OUSU has been forced to pull the plug on Oxide Radio just hours after a Cherwell investigation revealed that it has been operating as a pirate station for the last two years .
Oxide stopped broadcasting at 6pm on Wednesday, following the revelation that it was not licensed to play copyrighted music.
The Oxide studio will now remain empty for the rest of term while Oxford University Student Union (OUSU), who run the station, seek the funds to pay off a two-year backlog in fees.
The failure to obtain a licence has meant that artists and composers have not received royalties for any of the songs played by Oxide over the last two years.
The station’s closure on Wednesday came unexpectedly for Oxide’s staff.
Station managers were only informed of the problem on Tuesday, a day before broadcasting stopped.
Oxide’s roster of over 100 DJs were notified by email only ninety minutes before the station closed.
As the station fell silent, Rich Hardiman, the OUSU Vice President responsible for Oxide, admitted that the licensing issue had only come to light in the last week.
He said, “It’s been under active discussion for about 48 hours and on my radar for two or three days longer.”
Hardiman claimed that he received an email from licensing authority PPL a week ago informing him that the station was not paying for the music it used.
However, station staff appear to have been aware of the problem for longer.
‘A fine line legally speaking’
During a discussion about Oxide hosted by cherwell.org’s ‘Aldate’ blog on May 19, nine days before the closure, one person with close links to the station alluded to its legally dubious situation.
Calling themselves Dave, the contributor wrote, “Oxide walks a fine line as it is, legally speaking, since they don’t pay royalties.”
However, Rich Hardiman denied that he should have organised the licence earlier this year.
“I’ve only known about the licence situation being deficient for just under a week,” he said.
“Without wishing to cast the puppy dog eyes, there’s a lot to be done during the year. The problems we’ve had during the year have been dealt with on a case-by-case basis.”
He added that he intends to use the station’s time off-air productively.
“If we can put forward a committee structure that means everything that needs dealing with is dealt with, then that would be great.”
His assurances will provide little comfort to those expecting to present shows this week.
Naomi Berlin, a visiting student who co-presents Oxide’s International Politics Show, said she was disappointed that she would not be able to complete her term at the station.
“Being a part of Oxide has been the highlight of my year. It’s such a shame.”
OUSU failed to inform sponsor
The move also came as a surprise to Shirtworks, the local company who have sponsored the station this year.
Aaron Harden, Shirtworks’ managing director, had not heard about the station’s closure when Cherwell contacted him on Thursday morning.
“Obviously I wasn’t aware they were pirate. I assumed that everything was above board,” he said.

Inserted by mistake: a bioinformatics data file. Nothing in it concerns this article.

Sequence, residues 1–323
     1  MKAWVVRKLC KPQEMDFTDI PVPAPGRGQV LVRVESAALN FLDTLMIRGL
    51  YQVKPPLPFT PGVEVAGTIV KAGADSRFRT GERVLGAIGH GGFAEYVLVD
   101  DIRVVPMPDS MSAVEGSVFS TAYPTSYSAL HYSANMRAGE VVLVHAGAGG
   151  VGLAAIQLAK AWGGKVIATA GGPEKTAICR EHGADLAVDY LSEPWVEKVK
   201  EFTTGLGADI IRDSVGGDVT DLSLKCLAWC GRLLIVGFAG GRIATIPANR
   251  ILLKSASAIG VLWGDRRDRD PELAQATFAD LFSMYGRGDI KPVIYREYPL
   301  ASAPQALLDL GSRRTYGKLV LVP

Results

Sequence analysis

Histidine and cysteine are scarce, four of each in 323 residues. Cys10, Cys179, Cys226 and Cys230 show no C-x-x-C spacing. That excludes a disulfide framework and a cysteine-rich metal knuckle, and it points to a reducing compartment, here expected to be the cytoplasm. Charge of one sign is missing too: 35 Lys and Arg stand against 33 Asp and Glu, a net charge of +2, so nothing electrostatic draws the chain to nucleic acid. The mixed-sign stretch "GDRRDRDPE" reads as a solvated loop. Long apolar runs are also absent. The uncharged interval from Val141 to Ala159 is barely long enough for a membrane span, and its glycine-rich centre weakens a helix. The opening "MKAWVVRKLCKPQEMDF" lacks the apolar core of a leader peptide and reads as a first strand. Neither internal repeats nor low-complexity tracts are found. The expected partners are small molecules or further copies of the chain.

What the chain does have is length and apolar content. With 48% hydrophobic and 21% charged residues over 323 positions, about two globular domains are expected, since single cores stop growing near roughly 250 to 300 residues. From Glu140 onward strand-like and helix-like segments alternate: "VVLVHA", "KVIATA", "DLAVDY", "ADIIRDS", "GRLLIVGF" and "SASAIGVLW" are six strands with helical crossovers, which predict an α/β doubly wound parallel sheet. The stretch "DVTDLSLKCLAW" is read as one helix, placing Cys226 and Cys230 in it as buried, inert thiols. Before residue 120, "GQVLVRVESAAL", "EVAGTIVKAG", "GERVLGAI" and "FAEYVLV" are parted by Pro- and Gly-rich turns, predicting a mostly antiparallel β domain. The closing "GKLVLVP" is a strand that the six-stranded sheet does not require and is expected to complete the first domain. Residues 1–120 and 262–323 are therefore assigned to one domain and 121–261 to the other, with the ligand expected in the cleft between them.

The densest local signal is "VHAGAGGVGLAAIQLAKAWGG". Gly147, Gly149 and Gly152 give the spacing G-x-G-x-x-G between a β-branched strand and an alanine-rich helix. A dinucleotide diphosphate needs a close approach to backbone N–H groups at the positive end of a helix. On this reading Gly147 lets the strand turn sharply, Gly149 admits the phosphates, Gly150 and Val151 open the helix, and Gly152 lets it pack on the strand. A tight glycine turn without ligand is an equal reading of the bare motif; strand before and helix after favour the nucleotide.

He said that he found working with the student union to be “difficult” at times, but appreciated that OUSU could not be expected to match a business in professionalism.
“I understand they’re busy and this is their first foray into the world of business.”
As an internet-based radio station, Oxide does not require a broadcasting licence from Ofcom.
However, to play copyrighted music, a station generally needs two licenses.
Revenue from a PPL license is distributed among record companies, artists and musicians, while money from a MCPS/PRS license is forwarded to publishers and songwriters.
The MCPS/PRS Alliance say that they entered into discussions with the student union two years ago, but that these did not lead to the acquisition of a license.
Licensing has not been Oxide’s only worry. The Bonn Square studio’s roof has been leaking water near the station’s mixing desk.
However, Rich Hardiman insisted that the room posed no risk to DJs. “The studio’s perfectly safe,” he said.
OUSU President Martin McCluskey said that he had not contributed to this week’s discussions on Oxide.
However, he was confident about the station’s future in the face of its current issues.
“I don’t think it’s insurmountable in terms of the cost of the license,” he said.
Meanwhile, station manager Katie Traxton said she hoped to have the station back on air in time for Freshers’ Week next term.
“At the moment, Oxide is like champagne,” she said.
“It’s on ice and it’ll come back with a bang.”
Student radio in Oxford
A chequered past
1999 Radio Authority (now Ofcom) fines Oxygen FM a record £20,000 for attempting to deceive the regulator. Station managers fabricate two days’ programming in an attempt to convince the authority that they are complying with programming quotas laid down in its licence.
2005 Ownership of Altered Radio, Oxygen’s successor, transfers to OUSU. Balreick Srai, owner of club night promoter Rock Oxford, tries to block the transfer, claiming he owns the station.
2006 OUSU removes Oxide’s £5,700 per year funding in response to financial difficulties. Presenters must pay membership fees to work at the station.
2007 Two presenters court controversy by inviting British National Party leader Nick Griffin to debate on air, pre-empting the Union’s invitations to Griffin and David Irving in Michaelmas. James Macadam and Max Seddon receive death threats via email and in their pigeon holes as a result, and OUSU prevents the interview from taking place.